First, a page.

Monsoon Season Planting Story of School
In the beginning of June, we returned with the monsoon rains to do the planting part of our permaculture designs in Bidakanne. Brad was unable to return so I, Raya, led the implementation of the school design.
The beginning of monsoon is a busy time for the people of Bidakanne. As the rain is unreliable and unpredictable, people are all busy sowing seeds of their most important crops with the first of the rain. So farming labor is an issue for everyone at that time, as generally the earlier your crops are sown after the first rain the better they will do.
At the school, part of the task was getting the labor to dig the holes for trees through the difficult rocky ground. 40 fruit trees were a part of the plan as well as 80 biomass generating, nitrogen-fixing support tree species. A row of pongamia pinnata were planted outside the fencing, which we put up during the first section of the internship. Pongamia are not eaten by goats or other animals, they were planted around the perimeter of the junior school building to protect the children’s classrooms from the intense heat of the beating sun. We needed to dig 150 holes.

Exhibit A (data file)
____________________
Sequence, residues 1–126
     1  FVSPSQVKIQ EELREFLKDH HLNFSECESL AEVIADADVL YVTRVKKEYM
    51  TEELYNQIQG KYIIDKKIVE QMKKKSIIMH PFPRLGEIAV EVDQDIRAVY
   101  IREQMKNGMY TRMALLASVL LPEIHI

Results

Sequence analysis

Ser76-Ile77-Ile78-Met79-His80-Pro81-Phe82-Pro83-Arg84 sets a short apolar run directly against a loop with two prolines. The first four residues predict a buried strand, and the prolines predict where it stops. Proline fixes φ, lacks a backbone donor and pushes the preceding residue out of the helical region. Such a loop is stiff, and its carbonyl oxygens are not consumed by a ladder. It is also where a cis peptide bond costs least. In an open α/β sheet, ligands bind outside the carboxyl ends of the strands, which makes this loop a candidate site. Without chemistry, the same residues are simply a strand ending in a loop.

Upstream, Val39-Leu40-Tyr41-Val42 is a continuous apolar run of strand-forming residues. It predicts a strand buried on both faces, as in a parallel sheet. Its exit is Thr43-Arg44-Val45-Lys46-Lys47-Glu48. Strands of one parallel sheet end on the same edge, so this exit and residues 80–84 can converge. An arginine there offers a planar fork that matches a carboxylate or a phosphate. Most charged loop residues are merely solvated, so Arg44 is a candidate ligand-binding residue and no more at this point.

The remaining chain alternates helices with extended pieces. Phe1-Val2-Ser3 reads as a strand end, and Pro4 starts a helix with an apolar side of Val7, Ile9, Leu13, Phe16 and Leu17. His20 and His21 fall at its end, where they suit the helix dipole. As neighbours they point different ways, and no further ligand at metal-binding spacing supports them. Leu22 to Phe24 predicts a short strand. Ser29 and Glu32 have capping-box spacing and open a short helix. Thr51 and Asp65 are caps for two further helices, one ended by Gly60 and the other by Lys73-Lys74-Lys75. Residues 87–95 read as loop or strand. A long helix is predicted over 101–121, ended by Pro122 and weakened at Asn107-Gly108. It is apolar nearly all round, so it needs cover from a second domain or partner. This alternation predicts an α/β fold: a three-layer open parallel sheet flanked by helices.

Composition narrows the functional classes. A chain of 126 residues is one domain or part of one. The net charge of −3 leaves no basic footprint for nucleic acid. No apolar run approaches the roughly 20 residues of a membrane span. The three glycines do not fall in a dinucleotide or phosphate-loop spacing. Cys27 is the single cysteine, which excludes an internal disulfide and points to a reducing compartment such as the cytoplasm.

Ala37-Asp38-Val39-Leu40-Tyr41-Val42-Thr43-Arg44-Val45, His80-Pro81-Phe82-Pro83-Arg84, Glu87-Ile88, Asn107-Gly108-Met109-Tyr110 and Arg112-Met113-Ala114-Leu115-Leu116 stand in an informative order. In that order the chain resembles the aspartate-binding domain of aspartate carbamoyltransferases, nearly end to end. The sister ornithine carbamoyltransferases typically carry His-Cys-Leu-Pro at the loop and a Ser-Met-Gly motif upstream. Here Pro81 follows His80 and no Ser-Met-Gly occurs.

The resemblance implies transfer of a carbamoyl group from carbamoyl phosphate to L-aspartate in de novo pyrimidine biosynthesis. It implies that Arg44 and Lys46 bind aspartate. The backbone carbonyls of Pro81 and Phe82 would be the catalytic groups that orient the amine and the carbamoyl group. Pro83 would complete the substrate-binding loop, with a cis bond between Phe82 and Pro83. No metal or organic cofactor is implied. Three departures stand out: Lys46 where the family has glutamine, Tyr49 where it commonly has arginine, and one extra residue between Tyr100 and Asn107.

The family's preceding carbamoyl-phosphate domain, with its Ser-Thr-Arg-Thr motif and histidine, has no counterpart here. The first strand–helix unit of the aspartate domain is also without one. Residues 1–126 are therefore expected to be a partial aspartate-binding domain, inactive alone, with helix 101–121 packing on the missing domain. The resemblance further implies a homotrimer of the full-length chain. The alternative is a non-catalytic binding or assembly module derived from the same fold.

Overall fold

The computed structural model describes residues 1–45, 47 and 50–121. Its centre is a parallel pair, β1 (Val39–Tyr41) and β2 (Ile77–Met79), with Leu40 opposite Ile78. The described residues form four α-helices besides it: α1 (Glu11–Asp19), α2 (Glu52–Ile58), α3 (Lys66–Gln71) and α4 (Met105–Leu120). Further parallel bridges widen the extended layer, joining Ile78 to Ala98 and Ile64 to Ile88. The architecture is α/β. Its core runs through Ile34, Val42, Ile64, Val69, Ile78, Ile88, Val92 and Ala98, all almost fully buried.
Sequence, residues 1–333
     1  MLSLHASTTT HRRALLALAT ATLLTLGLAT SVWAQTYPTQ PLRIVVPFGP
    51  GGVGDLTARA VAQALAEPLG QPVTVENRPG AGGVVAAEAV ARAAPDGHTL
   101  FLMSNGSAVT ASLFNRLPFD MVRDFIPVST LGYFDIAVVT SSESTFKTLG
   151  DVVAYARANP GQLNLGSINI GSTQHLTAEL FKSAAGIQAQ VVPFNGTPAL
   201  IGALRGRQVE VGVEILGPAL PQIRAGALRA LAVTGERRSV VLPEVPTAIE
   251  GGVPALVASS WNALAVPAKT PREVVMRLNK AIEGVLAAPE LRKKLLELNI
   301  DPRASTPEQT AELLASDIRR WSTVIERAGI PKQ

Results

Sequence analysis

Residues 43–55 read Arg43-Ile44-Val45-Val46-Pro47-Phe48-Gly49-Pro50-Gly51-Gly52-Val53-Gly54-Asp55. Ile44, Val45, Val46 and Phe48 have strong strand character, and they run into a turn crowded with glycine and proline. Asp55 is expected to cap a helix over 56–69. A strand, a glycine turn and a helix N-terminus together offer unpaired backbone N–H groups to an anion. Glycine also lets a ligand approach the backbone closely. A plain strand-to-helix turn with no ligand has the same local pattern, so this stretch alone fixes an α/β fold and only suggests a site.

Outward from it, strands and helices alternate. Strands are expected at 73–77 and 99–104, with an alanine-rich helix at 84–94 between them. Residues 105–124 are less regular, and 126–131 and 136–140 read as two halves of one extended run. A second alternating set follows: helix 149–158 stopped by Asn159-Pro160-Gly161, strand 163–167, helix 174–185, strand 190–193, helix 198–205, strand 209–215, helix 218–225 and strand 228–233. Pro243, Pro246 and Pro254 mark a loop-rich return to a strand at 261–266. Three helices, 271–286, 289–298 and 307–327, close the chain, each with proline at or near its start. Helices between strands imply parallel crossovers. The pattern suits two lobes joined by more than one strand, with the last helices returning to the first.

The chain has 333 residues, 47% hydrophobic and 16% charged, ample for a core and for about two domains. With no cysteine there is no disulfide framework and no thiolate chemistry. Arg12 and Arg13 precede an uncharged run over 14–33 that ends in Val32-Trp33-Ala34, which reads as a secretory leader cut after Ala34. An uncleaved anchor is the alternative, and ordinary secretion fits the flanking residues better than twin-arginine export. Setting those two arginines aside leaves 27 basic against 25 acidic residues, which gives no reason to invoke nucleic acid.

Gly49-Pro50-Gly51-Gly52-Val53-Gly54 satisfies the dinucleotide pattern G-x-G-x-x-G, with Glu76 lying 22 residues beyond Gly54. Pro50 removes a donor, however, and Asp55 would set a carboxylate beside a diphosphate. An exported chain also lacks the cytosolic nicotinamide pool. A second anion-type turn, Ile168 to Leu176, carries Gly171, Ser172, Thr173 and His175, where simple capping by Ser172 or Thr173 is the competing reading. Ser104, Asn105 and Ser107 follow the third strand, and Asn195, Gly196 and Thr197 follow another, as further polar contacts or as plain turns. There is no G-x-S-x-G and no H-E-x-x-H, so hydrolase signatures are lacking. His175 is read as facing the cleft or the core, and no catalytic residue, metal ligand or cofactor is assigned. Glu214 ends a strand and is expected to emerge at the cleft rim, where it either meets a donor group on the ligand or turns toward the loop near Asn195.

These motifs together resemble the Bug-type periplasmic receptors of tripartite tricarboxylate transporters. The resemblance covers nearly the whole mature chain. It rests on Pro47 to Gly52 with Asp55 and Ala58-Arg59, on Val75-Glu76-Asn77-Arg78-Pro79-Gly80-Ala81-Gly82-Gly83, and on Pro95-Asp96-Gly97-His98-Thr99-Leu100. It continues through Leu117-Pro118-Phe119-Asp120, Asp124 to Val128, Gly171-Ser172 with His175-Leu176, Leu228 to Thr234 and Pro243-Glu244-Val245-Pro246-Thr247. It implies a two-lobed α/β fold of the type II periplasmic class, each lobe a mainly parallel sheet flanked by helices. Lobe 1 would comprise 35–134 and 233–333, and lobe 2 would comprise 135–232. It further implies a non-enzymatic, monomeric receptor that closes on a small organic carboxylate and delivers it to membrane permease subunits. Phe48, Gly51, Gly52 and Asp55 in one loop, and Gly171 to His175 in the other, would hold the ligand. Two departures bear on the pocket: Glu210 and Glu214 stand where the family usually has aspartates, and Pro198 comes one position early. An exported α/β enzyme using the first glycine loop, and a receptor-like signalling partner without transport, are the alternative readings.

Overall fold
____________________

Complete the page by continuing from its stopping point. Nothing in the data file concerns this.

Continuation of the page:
Addtionally, we needed to build the cement water tank with which to water the trees, build the brick walls for the vegetable beds, and get the ropes up for the climbing vines, which were planted to shade the junior school courtyard and install a proper gate for the school. We also needed to get all the materials on-site, including soil for the vegetable beds and tree pits, as well as the bricks for the water tank and veggie beds.
To achieve these goals we had meetings with the headmaster and teachers, the parents committee and the village mayor (sarpanch). It was important to us to have engagement from the villagers in the project, what could they contribute. Originally, they said they would get their broken gate fixed with their own funds but it ended up being costly and they didn’t raise any money for it. The village mayor got the water line fixed to the school so the tanks could be filled and provided the funds for the faucets for the tanks. The parent’s committee said they would get the soil from a nearby farm for the planting but none of them came on the day of the planting and neither did the soil arrive, so we dug up the place where there was rich soil from years of kitchen waste from the school kitchen and that was actually better then what we would have gotten nearby!
The past village mayor supplied the bricks for free, although at the last minute he tried to charge for them. When he did that, I said I would go back to my original plan of having the children go around the village picking up all the broken bricks and loading them into our truck. I thought that would probably be quite a bit of fun, and engage the villagers, besides the bricks coming free that way. When I said that though, he went back to offering them for free. Some men from a government work program came to dig the holes but they found it quite hard and gave up. When they showed up I had expected 2 men to come 6 hours later, so when 15 men arrived to dig I was still in process of marking the spots. Knowing it may be my only chance for days or weeks to get labor I hurriedly marked the spots as they dug.